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  5. "Pomidor jest smaczny."

"Pomidor jest smaczny."

Translation:A tomato is tasty.

February 3, 2016



Surely saying "Tomatoes are tasty" would be more grammatically correct.


What is the difference between pomidor and pomidora?


grammar. Polish nouns take different forms depending on their function in sentence and which verb or pronoun they follow.

Pomidora is genitive= accusative (those are most common cases for direct objects)

Pomidor is nominative. (it is a subject ot the above sentence)


Just a note: some native speakers(me, for example;) ) use "pomidor" for accusative instead.(and I think that is actually the norm prescribed by RJP, not that it matters that much)


I do not know about RJP but sjp.pwn says we use "pomidor" in accusative in more formal situations. http://sjp.pwn.pl/szukaj/pomidora.html

wsjp.pl has B. "pomidora, rzadziej pomidor"


the pronunciation of the teacher is misleading, she says smaczne when it should be smaczny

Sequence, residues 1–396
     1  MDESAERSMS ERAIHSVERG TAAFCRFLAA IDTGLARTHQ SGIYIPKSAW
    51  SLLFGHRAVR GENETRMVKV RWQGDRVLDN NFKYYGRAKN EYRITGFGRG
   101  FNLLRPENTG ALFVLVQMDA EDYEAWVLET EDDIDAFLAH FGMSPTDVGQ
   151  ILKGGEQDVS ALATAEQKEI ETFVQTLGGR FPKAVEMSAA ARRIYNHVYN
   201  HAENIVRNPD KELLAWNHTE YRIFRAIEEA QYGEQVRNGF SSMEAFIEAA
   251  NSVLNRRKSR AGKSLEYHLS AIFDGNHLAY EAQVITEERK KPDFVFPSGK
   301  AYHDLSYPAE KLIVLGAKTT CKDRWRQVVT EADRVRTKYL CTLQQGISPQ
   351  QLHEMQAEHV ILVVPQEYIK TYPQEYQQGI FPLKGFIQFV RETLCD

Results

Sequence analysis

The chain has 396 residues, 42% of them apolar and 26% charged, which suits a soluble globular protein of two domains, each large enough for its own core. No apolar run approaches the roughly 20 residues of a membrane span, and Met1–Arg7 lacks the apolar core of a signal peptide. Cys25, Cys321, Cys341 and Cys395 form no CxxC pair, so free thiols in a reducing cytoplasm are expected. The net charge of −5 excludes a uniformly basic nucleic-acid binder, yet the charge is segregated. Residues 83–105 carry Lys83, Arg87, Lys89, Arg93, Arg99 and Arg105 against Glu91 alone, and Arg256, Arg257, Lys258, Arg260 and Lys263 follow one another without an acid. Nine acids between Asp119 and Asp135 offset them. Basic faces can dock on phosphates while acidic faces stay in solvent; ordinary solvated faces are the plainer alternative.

Hmmm... yeah, I believe it does sound so. Disabled audio exercises.


I know the audio is disabled on this particular example, I have tried to hear the difference between ending with e, ę, and y. I have a hard time with them. The only ones I can differentiate are a and ą at the end or e and ę on the middle of the word. Any tips or examples?


What about smaczny or smaczna? Is it accusative or what?


Smaczny is for masculine nouns, smaczna for feminine nouns. Sentences like these require the nominative case.

Here's a declension table for all genders and cases:



Can't we say "Tomato is tasty."? If we are globally speaking about how good tomato is?


OK, I think this undergoes this very narrow group of article-less sentences which we accept, so added now.


Only if you're using 'tomato' as an adjective, like if you were saying which kind of pasta sauce you like.

If you're talking about one specific tomato, you'd say 'this/that tomato'. In general, you'd just say 'tomatoes are tasty'.

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